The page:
Much of the rest of Gender and Our Brains describes how exquisitely sensitive to social input the brain is—especially in infancy and childhood—and how pervasively gendered that input is.  “A gendered world will produce a gendered brain,” she writes. The night Rippon’s own daughter was born, several other mothers in the maternity ward gave birth to boys. When the wailing infants were brought in to their mothers, one boy was handed over with admiring remarks about “a cracking pair of lungs” while the nurse who passed on her daughter declared the girl “the loudest of the lot. Not very ladylike.” (You have to pity the fool who’d say something like this to Rippon, of all people, but, sadly she doesn’t report her own response.) Babies are “sponges,” Rippon argues, and even when parents believe that they are raising their kids in a gender-neutral environment, they are constantly and unwittingly transmitting stereotypes. In one study, though 65 percent of the parents of 5-year-old boys insisted they would have no problem with buying their sons a doll, only 9 percent of the boys agreed.

This part of the book feels pretty familiar, particularly the chapters that assess the many social and personal barriers that keep women from entering STEM fields. There are evolutionary psychology’s flights of pseudoscientific fantasy, such as a study proposing that pink is associated with girls and women because their primeval ancestors needed to be extra sensitive to reddish colors when foraging for berries. (The custom dates no further back than the 19th century.) There is James Damore’s infamous memo challenging diversity training at Google and the many scientists—including some of those whose research he cited—who debunk his argument that the “limits of biology” prevent women from excelling at the sort of systematizing skills that would allegedly help them succeed at the company. Like Cordelia Fine, author of the 2010 book, Delusions of Gender, Rippon argues that the way human beings are shaped by the social feedback loop we tap into from the moment we enter the world makes it impossible to ascertain what portion of the ultimately slight measurable differences between men and women on average is due to purely biological factors. Yet we fixate on these differences, instead of embracing the far greater potential for change embodied in our own neural plasticity.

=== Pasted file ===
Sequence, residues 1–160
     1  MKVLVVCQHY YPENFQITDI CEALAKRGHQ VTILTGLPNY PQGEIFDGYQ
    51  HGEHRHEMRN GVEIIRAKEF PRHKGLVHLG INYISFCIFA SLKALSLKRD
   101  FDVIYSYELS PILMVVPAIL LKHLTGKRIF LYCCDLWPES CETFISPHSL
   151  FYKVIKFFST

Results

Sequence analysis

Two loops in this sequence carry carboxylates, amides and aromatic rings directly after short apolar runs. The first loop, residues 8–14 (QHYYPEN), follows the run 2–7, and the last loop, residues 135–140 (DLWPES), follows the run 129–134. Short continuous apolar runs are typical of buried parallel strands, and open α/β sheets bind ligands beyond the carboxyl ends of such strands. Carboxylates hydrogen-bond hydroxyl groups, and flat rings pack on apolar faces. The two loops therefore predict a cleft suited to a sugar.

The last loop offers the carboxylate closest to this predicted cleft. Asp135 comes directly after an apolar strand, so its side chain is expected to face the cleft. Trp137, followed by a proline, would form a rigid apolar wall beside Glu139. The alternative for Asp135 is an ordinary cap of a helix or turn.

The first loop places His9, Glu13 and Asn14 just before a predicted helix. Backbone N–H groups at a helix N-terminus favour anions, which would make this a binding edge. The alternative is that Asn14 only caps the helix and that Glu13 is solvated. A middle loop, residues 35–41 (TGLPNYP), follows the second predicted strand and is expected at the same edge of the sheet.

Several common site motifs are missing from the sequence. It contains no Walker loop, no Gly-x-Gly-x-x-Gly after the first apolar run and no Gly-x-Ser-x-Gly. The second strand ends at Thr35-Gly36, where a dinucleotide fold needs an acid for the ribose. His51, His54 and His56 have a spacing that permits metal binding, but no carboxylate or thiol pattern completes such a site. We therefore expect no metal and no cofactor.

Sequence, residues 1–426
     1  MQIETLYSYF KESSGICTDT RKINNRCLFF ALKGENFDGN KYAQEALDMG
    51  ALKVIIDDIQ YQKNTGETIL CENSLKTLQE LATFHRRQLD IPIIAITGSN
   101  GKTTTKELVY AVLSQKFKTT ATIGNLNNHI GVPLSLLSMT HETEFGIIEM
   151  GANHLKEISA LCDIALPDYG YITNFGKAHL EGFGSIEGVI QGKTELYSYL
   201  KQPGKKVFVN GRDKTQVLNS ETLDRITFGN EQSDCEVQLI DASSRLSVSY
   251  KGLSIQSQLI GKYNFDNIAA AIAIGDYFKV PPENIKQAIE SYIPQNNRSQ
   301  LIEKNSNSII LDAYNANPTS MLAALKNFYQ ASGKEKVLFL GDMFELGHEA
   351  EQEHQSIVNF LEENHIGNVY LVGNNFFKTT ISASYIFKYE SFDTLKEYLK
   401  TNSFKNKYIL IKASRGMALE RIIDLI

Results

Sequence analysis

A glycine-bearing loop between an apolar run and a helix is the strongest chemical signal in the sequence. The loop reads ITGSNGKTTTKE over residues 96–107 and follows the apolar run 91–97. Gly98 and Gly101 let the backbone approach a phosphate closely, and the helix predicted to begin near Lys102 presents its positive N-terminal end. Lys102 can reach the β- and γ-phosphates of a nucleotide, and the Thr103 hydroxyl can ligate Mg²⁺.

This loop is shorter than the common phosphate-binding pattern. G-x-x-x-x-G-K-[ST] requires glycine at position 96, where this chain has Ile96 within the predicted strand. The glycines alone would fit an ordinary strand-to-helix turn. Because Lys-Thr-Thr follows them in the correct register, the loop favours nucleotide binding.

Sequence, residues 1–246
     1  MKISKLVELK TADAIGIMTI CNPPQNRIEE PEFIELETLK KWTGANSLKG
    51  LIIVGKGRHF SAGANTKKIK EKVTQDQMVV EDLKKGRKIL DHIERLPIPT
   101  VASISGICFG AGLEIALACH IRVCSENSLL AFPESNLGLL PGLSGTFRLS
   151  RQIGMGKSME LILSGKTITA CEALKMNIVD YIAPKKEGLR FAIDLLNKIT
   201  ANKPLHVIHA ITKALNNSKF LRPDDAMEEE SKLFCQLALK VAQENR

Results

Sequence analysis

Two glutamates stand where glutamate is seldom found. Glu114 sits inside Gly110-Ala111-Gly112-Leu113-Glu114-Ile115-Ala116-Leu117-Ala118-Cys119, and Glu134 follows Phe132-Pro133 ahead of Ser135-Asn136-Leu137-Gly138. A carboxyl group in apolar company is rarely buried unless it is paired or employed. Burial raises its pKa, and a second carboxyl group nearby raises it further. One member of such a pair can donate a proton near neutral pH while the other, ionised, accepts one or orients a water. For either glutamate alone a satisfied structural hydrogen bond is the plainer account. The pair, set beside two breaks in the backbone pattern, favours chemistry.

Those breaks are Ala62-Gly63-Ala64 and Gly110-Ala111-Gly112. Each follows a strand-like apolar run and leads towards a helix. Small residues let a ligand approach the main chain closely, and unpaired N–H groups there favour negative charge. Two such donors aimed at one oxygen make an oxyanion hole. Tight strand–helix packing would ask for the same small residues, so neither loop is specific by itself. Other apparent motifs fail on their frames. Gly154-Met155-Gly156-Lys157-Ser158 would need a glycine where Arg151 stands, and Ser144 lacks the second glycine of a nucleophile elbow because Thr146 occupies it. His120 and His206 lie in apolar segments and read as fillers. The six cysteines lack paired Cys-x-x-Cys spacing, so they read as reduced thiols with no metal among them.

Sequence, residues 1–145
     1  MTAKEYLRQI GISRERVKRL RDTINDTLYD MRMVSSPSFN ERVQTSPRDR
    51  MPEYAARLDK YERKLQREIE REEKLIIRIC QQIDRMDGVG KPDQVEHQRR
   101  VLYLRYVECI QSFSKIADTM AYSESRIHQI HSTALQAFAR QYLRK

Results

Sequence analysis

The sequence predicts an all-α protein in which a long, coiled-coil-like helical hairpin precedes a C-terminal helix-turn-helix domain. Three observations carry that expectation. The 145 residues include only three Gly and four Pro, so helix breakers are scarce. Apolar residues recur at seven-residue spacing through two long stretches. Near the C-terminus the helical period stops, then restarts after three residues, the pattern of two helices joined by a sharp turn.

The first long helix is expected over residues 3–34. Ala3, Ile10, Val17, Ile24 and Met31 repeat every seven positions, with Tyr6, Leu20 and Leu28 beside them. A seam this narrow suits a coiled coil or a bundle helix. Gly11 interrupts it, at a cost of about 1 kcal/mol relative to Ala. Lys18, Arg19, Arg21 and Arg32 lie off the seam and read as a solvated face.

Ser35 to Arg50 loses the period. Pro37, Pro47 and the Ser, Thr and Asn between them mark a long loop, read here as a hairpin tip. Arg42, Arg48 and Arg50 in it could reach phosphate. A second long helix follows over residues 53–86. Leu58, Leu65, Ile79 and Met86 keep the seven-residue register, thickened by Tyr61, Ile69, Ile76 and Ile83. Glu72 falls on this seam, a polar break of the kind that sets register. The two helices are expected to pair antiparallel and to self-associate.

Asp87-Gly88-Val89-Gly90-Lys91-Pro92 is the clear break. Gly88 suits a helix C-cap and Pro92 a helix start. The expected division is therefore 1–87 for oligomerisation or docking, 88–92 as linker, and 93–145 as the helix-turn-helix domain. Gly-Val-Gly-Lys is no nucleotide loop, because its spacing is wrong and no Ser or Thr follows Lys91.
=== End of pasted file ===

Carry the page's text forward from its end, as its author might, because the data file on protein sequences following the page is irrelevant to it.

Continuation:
Rippon isn’t the writer Fine is—she repeats such clauses as “beautifully color-coded images” as often as Homer refers to the “wine-dark sea.” But this, in its fashion, lends credibility to Gender and Our Brains. Rippon writes like a scientist, not a psychologist or philosopher. She makes an irascible but very down-to-earth guide through the thickets of such statistical properties as effect sizes and how they have been manipulated or ignored. And while she certainly deplores the likelihood that stereotypes about women’s deficiencies in “systematic” thinking will steer many possibly gifted scholars away from STEM fields, Rippon is no solemn moralizer weeping over the sufferings of the downtrodden. (It’s a relief, for a change, not to have those particular heartstrings plucked yet again.) Instead, she is exasperated and impatient at how steadfastly so many of her colleagues have pursued a point so fine it nearly vanishes from sight, how blind they are to the evident biases in their own ideas and work, and how very deeply invested they are in the status quo.